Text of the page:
How many times have you compared a movie to a book on which it was based and concluded that the book was better than the movie? And how many times did you think that is a typically modern question, one that we take for granted and think it’s an obvious question to ask? In fact, when a movie is based on a book, the comparison between the two seems inevitable. But why should it be? Why should we ask the question at all? The questions we ask are based on the assumptions we make, like the movies made after the books that inspired them.
It seems to me that the assumption behind the comparison between movies and the books they are based on goes to the heart of the modern project, that is the desire for precision and the impulse towards objectification. Loose connections are not welcome, nor are vagueness and plasticity mainstream virtues. The modern mind wants things clear, lines straight and the object of scrutiny conveniently lifted from the maelstrom of accidents in which it happens to be. When it comes to movies based on books, we need to see the correspondences clearly, to follow the book in the movie, and the measure of such a film’s success is the faithfulness to the book it is based on. What we call faithfulness (and how many times have you heard the question: is the movie faithful to the book?) is in fact the result of our expectation that works of art may have value outside their own materiality only insofar as they are transpositions in other media. In other words, we don’t much care about the kind of adaptation and reception on which pre-modern literature and art is based, whereby the links between the objects, inspirer and inspired, may be extremely loose and imaginative. We appreciate intertextuality, but only when it’s clearly expressed. When it’s not, we either don’t notice it, or we feel something’s not right.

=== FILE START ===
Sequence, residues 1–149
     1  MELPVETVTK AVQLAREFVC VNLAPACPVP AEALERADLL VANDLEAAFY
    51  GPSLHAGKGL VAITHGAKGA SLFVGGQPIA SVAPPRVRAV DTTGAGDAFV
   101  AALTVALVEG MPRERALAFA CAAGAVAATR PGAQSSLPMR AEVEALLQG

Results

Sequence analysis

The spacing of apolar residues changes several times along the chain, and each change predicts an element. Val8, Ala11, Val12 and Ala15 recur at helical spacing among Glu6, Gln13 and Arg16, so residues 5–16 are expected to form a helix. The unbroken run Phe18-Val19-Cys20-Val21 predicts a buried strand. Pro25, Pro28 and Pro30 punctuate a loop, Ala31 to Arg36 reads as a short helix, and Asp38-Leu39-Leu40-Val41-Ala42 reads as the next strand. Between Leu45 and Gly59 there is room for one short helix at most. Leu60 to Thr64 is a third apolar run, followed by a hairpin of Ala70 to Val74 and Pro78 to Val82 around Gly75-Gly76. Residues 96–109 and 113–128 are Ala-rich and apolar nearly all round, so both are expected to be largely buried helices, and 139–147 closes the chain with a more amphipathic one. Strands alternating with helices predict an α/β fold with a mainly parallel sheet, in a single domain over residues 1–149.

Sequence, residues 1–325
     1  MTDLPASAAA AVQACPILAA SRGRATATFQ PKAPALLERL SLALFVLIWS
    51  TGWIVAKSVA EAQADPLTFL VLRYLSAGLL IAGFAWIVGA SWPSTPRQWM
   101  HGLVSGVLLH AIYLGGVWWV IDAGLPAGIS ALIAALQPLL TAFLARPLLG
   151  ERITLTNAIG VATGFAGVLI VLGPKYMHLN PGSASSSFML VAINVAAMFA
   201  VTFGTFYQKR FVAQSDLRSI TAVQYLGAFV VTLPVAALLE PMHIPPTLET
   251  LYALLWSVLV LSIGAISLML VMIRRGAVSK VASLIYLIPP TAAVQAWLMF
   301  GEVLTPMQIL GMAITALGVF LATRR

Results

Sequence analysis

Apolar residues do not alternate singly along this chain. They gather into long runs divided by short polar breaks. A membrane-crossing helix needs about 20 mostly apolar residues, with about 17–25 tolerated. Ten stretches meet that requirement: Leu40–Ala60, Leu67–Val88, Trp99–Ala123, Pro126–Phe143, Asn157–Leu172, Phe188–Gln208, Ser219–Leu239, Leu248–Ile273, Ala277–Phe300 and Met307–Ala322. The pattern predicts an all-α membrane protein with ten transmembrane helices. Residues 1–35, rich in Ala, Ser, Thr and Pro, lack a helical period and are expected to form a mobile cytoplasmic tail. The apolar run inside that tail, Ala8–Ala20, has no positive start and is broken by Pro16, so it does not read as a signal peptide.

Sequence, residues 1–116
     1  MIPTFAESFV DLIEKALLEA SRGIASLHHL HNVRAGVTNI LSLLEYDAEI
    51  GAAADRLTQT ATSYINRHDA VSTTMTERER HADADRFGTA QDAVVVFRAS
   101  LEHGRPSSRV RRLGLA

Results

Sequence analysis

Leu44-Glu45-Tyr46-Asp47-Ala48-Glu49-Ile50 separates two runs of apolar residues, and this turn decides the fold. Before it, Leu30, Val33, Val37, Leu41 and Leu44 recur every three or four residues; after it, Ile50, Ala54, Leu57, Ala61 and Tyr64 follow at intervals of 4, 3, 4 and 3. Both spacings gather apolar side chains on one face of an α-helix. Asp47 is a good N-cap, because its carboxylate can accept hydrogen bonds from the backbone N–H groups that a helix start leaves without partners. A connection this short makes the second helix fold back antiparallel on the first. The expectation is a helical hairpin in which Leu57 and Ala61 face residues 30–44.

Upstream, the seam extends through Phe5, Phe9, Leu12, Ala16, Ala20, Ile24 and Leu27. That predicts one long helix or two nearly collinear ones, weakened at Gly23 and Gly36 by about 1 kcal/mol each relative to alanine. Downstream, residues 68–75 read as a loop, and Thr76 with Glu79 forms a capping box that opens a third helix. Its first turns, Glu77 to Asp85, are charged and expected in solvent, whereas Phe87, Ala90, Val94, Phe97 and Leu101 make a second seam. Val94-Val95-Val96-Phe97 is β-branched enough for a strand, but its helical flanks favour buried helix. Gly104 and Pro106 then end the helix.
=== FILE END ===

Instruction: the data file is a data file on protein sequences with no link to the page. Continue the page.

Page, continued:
Pre-modern literature was based on loose correspondences, allegorical reformulations and a myriad of subtle links expanding in all directions. Ancient literature is a fractal landscape, patterns, motifs, themes and facets spawning new ones, echoing each other ad infinitum. Modernity did away with all that by sacralising the artwork, putting it on a pedestal which lifts it from the organic soil where it may have bred other specimens, allowing it to become myth.